Nutella is also not recommended for people with milk allergy or lactose intolerance because of its skimmed milk and whey content.

[edit] Containers

Although Nutella is marketed in a variety of packages, its typical containers have always been those made of glass (plastic containers are more common in the USA, Mexico and Greece[citation needed]). Initially, the most popular glass containers were quite small, in fact just the size of a standard table glass for drinking, with the result that they can be used as normal table glasses once the product inside has been consumed. Different forms of these glasses are produced, turning them into collectible items.

Nowadays, Nutella is more frequently marketed in jars of a characteristic, trademarked oval shape (pictured above). These are often 200 g, 350 g, 400 g or 750 g jars, although in some countries (such as Italy and France), 3 kg and 5 kg jars are available (most often in special occasions, such as Christmas). One-dose 30g plastic packages are also available, usually sold in groups of three. In the United States it is typically sold in 13 oz jars (371 grams). Beside these, there are also 'limited editions' jars, like in the German market in 2002 to celebrate the introduction of the euro currency. The jar contained 1.95583 kg which is the exact exchange rate Deutsche Mark - Euro.

In Australia, Nutella is sold in the standard shape plastic jars with translucent plastic screw top lids. Single serve catering packs aimed at the school lunch market are also available in retail stores.

[edit] Success

Nutella on bread.

[edit] In Italy

In its home country of Italy, Nutella has become a cultural and social phenomenon. Many books have been written about it, and it is the core of a celebrated scene in the movie Bianca, by the Italian filmmaker Nanni Moretti, in which a character relieves his post-coital anxieties by eating chocolate coated bread, spread from a gigantic Nutella jar.

[edit] In France

In France, Nutella is the most popular spread. It represents 89% of the market share. Ferrero's factory in Villers-Écalles is the world largest producer of Nutella with about 70,000 tons per year.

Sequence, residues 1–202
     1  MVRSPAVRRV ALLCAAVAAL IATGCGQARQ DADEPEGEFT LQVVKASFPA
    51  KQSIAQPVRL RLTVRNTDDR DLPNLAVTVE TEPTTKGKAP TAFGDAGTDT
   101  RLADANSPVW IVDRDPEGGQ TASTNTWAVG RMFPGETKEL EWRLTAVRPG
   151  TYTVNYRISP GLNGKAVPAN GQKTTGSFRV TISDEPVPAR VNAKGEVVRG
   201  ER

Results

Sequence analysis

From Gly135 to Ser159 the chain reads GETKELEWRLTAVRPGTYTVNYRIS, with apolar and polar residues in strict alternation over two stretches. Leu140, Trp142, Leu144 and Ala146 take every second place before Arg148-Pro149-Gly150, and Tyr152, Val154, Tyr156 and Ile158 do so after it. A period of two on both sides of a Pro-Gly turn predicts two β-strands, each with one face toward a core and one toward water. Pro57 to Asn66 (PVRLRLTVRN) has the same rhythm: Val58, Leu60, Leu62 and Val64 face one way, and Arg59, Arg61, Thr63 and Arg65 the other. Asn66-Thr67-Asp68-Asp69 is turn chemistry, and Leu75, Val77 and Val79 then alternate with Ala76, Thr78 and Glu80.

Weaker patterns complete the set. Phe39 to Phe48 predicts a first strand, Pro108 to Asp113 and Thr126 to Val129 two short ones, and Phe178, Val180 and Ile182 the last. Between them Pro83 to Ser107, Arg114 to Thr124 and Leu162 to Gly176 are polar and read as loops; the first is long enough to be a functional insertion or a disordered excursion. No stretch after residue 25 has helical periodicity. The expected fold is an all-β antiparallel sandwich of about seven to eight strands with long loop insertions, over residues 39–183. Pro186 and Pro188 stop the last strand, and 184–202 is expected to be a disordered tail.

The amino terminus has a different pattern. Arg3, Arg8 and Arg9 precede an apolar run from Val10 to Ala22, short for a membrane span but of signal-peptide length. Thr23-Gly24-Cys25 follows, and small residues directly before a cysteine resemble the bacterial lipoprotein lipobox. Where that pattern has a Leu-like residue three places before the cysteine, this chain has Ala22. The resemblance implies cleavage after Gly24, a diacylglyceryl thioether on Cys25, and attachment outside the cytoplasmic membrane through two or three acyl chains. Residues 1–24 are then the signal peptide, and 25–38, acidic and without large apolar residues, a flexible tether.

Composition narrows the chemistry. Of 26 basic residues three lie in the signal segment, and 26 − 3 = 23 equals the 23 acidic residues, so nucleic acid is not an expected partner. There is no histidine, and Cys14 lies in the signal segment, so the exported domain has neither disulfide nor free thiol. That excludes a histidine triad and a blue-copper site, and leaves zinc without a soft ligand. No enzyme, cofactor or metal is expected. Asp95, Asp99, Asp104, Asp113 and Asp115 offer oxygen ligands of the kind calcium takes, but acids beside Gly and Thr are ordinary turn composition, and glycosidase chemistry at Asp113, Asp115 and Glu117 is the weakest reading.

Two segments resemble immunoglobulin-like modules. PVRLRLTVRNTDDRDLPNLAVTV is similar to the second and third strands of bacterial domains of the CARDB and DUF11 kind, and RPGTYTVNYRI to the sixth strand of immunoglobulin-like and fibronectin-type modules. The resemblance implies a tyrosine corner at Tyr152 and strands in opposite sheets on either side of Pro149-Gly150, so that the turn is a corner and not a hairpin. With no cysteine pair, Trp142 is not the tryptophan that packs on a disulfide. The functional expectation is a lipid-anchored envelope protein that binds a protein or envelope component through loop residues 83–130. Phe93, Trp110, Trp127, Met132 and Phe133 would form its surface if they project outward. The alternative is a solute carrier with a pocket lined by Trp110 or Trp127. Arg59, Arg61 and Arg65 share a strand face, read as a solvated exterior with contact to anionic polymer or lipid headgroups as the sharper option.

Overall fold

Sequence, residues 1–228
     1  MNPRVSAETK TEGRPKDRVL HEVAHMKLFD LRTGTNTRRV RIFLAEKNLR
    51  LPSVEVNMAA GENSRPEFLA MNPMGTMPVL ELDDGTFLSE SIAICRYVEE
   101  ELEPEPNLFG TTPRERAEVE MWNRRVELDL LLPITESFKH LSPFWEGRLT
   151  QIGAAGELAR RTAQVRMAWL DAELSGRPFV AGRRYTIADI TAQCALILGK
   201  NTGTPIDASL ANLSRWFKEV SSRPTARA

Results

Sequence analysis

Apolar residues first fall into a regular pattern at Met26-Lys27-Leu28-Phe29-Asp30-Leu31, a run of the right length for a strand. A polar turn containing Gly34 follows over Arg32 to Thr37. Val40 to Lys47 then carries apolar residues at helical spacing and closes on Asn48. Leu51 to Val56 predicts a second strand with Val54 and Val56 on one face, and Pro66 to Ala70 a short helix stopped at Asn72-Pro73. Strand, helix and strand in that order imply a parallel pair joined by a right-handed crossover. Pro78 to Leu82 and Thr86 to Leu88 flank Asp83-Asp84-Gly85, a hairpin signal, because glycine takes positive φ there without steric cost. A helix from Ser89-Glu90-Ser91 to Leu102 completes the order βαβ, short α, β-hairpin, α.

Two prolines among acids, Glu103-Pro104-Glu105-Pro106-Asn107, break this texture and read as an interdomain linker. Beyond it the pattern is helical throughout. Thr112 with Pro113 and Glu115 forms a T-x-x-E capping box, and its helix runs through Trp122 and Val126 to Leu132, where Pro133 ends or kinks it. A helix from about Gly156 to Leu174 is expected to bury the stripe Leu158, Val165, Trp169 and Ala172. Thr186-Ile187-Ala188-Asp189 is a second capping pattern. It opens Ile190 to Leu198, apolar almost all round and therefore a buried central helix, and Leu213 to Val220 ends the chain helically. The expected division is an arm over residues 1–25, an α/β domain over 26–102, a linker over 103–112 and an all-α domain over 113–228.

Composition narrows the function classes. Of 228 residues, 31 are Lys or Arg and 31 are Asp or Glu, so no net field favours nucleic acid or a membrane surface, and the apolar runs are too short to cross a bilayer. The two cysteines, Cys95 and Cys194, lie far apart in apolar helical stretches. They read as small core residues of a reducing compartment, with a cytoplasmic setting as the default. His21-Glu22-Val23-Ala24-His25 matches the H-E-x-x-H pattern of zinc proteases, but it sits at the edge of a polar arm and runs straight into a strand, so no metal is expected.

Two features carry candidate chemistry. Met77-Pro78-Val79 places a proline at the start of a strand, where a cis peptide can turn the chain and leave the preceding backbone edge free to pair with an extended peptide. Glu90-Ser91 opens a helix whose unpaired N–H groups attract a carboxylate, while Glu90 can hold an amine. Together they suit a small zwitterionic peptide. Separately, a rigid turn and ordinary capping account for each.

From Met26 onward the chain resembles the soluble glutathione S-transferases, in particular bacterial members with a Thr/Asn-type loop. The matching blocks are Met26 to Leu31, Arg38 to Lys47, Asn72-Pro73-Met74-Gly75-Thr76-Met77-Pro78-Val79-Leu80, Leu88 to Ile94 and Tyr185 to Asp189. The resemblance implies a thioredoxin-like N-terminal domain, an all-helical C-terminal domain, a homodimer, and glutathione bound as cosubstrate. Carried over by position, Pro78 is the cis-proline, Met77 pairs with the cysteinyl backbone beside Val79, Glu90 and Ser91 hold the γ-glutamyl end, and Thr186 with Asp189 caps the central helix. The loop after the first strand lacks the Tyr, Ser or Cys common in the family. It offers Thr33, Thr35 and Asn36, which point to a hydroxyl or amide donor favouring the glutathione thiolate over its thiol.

[edit] Internationally

Nutella is also very popular in the rest of Europe, India, Malaysia, Puerto Rico, Australia, New Zealand, Singapore, Brazil, Trinidad and Tobago, Mexico, the Philippines and South Africa, mostly with children and teenagers. This is less true in the United States and Canada, where the product was only available as an expensive import until the 2000s. In the United States, basketball star Kobe Bryant was a former spokesman for Nutella, having grown up in Italy. Nutella is briefly mentioned in Chloé Doutre-Roussel's "The Chocolate Connoisseur", which includes an anecdote of her mother flying into Mexico with several jars and smearing it on her face to convince a Customs Officer that it was a facial mask, and not a banned food product. In 1999 Nutella was one of the official sponsors of the 1999/2000 UEFA Champions league season. They were advertised at every game on a bill board.

[edit] Competitors

While Nutella has generally become synonymous with hazelnut and chocolate spread worldwide, similar products with other brand names enjoy wide success in some countries. This includes "Merenda" in Greece ("merenda" is Italian for a mid-afternoon snack), Nocilla in Spain, Nucita in South America.

  • Kremino in Bosnia and Herzegovina, Croatia and Serbia
  • Nocilla in Spain (Nocilla is an originally Spanish product. Nutella only entered the Spanish market recently).
  • Tulicreme in Portugal
  • Nusskati, Nudossi, Nutoka, Nulacta, Nusspli, Winsenia and Choco Duo in Germany
  • Mars has a brown-and-white swirled hazelnut-chocolate spread, Milky Way, named for its Milky Way bar.
  • Chokella in Turkey, product of Nestlé.
  • Choconutta, Hazella spread and a wide variety of Store Brand hazelnut spreads are available in Canada.
  • Plasmon's Ergo Spalma and Star's Ciao Crem have been the most important alternative products to Nutella in Italy though nowadays they are no longer on sale. Ergo Spalma had quite a lot more chocolate than Nutella in it. There was another competitor, less famous, called Nutty Bicolore (Bicolore means "two colours") which was a jar of a Nutella-like cream combined with a beige vanilla cream. During the late '80s, the Nutella brand copied this particular recipe creating Nutella Bicolore, which however did not encounter great success.

[edit] Notes and references

[edit] External links

Personal tools